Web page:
I spent two weeks at home in Veneto in late October and, in retrospect, it seems to me as if all I did was baking. I arrived the day after my birthday (I’ve officially entered the last year of my twenties) and kicked off all celebrations by firing off the oven. Then, a week later came Mum’s birthday, and with it came more cake. Nothing fancy, you see; nothing whose sight had people going ‘oooh, and ‘aah’, and take their phones out of their coat to snap a photo. No, nothing of the like. In both cases, all I produced was a rather unassuming number; minimal cake affairs that could come together easily, and with barely any washing up.
Practicalities aside, the truth is that neither Mum nor I have much of a sweet tooth. We like cakes, but multi-layer frosted cakes are very much lost on us. Our preference goes towards crumbly fruit tarts and rustic cakes that are possibly not too sugary. Which is why our birthday cakes often look just like any other cake we’d bake throughout the year…only, with sparklers on top.
Incidentally, both birthday cakes happened to have ground almonds at their core. One was an apple frangipane tart (more of which in a future post). The other (this one), a dense flourless white chocolate cake scented with citrus zest. That in both cases I reached out for the jar of almonds might as well be a coincidence. More likely, though, it’s a cake genre that just appeals to me and I’m instinctually drawn to. I might just as well blame it on my Venetian genes.
Almonds have for long been a key ingredient in Venetian cuisine, and in Venetian desserts in particular. During the golden age of the Serenissima, Venetian traders would sail through the Mediterranean to return with a shipload of spices and dried fruits from the Levant. This is why, while ingredients like almonds were prohibitive anywhere else with the exception of the Southernmost regions of Italy (where people would grow their own almond trees), they were easily accessible in Venetian land, thus giving way to a lasting tradition in producing all matters of almond-based sweets.
Anyways, the cake I made is most definitely a far cry from anything vaguely Venetian. In fact, the idea actually sparked, rather than from my ancestry, from a much-written-about cake paradigms that entails combining dark chocolate and ground almonds into a cake that is as rich, dark and as moist as a brownie. (I have, to date, failed to write about it myself; but soon). For now, suffice to say thay I wanted to keep that concept intact – think dense, fudgy heart and sunken, crisp top – while also making something that wasn’t, well, a chocolate cake. That’s when the idea to use white chocolate came about.
In this recipe, white chocolate acts as a binder as well as a partial replacement for butter and sugar, yet without interfering much with the overall taste of the cake. I wanted it to be like the most flattering of make-ups: enhancing and yet discreet; essential but concealed. Its presence is almost imperceptible in the final product – save a vague note of cocoa butter in the background. What really comes through is a fine balance between the gentle bittersweetness of the almonds and the freshness of the citrus. Which, come to think of it, is one of the most astounding flavour combinations ever conceived.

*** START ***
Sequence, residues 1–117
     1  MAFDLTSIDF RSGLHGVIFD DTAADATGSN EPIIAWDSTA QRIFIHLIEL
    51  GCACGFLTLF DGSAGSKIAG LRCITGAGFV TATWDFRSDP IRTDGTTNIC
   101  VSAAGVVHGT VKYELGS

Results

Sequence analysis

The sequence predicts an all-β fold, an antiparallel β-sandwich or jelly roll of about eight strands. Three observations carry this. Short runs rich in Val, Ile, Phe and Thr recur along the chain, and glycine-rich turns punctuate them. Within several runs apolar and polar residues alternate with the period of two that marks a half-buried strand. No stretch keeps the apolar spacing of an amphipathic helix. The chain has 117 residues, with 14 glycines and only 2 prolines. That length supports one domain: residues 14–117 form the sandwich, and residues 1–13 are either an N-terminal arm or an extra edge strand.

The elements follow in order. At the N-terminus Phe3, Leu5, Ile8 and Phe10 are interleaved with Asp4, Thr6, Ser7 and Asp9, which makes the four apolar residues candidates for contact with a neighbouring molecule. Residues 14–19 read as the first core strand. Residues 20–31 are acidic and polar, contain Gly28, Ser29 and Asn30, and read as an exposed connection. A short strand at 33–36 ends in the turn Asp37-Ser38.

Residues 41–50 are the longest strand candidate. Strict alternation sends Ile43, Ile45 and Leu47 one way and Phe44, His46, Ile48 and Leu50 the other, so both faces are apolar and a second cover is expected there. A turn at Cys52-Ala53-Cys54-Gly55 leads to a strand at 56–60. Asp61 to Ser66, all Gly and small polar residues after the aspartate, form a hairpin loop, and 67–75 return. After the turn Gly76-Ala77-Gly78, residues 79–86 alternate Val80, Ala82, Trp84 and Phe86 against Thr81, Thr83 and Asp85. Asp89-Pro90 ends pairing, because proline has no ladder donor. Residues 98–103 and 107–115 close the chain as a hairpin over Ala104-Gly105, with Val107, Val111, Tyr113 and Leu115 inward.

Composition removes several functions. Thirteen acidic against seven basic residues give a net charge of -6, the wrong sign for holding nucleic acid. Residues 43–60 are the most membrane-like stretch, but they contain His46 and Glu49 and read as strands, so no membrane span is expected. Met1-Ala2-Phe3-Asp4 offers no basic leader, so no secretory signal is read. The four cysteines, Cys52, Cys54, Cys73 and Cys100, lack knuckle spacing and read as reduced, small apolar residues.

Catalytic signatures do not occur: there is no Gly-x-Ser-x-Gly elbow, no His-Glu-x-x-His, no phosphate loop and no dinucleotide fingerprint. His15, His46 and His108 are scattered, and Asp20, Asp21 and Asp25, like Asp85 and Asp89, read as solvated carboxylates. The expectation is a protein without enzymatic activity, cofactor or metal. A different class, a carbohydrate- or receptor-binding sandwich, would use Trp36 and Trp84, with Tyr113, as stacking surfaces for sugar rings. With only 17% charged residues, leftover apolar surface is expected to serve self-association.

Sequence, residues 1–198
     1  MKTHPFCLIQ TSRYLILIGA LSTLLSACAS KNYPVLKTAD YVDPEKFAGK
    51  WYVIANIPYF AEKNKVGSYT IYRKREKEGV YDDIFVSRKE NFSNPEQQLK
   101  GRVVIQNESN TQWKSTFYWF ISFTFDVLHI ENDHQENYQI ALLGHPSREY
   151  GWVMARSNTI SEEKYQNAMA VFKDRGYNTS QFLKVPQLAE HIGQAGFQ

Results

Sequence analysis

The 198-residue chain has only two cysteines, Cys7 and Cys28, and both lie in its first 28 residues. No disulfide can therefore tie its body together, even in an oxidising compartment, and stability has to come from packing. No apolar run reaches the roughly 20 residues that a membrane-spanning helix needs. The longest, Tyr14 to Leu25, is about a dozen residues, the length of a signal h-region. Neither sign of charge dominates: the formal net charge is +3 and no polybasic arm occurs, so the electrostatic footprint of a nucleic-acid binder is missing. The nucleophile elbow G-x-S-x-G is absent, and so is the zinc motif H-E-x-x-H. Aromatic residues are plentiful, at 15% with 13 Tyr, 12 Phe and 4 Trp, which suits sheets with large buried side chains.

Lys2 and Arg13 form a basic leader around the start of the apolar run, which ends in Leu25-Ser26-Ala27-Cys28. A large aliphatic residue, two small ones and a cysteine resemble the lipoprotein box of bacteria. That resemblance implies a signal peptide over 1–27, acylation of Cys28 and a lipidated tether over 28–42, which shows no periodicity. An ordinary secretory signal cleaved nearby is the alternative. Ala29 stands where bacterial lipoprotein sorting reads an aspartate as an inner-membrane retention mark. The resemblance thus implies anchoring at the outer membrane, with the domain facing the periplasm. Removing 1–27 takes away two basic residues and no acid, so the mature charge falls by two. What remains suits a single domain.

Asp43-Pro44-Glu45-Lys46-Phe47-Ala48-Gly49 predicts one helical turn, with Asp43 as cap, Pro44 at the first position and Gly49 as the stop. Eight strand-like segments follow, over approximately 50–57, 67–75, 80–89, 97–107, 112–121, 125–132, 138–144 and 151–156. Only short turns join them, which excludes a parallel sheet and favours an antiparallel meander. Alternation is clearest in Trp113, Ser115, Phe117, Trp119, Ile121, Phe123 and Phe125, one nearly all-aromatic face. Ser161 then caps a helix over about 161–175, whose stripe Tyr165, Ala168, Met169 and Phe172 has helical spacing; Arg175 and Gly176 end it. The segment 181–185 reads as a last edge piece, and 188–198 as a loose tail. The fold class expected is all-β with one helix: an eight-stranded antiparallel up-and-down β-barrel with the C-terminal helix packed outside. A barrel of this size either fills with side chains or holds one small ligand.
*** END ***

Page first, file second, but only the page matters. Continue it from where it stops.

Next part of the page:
Of the many variants I’ve baked since that birthday cake in late October – with orange zest, with clementine zest, with lemon zest, with a mix; with more or fewer eggs, more or fewer ground almonds – this is where I settled. The recipe is still very forgiving: the only thing to really be careful with is the temperatures at which all ingredients are stirred together, and the stiffness of the whipped egg whites. From there onward, it’s all downhill. In less than an hour, you’ll have a rich, perfumed cake that needs nothing more than a dusting of icing sugar to be ready to serve. Leafy clementines for garnishing, if you want to add a pop of colour. Or, if you’re anything like me, sparklers. For it sure makes for a lovely birthday cake.
Flourless White Chocolate Citrus Cake
Makes 1 x 20-cm (8-inch) cake
250 g ground almonds
2 teaspoons baking powder
Pinch of sea salt
40 g unsalted butter, plus more for greasing the pan
180 g white chocolate, roughly chopped
100 g caster sugar
3 eggs, separated
Grated zest of 3 unwaxed clementines (or 1 orange or 2 lemons, or a mix)
Icing sugar, for dusting
Preheat the oven to 180°C/360°F. Grease a 20-cm (8-inch) springform cake tin and set aside.
In a large bowl, combine ground almonds with baking powder and salt. Set aside.
Melt the butter in a saucepan set over a low heat. Add the white chocolate and sugar and allow them to melt, stirring all the while. At this point, remove the saucepan from the heat; transfer the chocolate paste to a glass or metal bowl and leave it to cool down.
Meanwhile, place the egg whites in a clean glass or metal bowl. (A slightly oily bowl or a plastic bowl will prevent your egg whites to whip properly). Whip them up (with a stand mixer, electric egg beater or, if you feel brave, with a hand whisk) just until firm peaks form.
Return to the chocolate paste and check the temperature: it shouldn’t feel warm to the touch. Now, stir in the egg yolks and the citrus zest, followed by the dry ingredients, until combined. Finally, fold the egg whites through with gentle movements from the bottom to the top so as not to squash them.
Transfer the cake batter to the greased cake tin and level the top. Set it on the middle rack of the oven and bake for 40 to 45 minutes, or until cooked all the way through. If you see that the top tends to turn too dark too quickly (a common happening in nut-based preparations), cover it with a sheet of foil.
Once done, allow the cake to cool in the tin for 20 minutes. Run a knife all along the edge to free the spring form. Transfer the cake to a rack and allow it to cool completely before slicing. Serve with a light dusting of icing sugar.Print recipe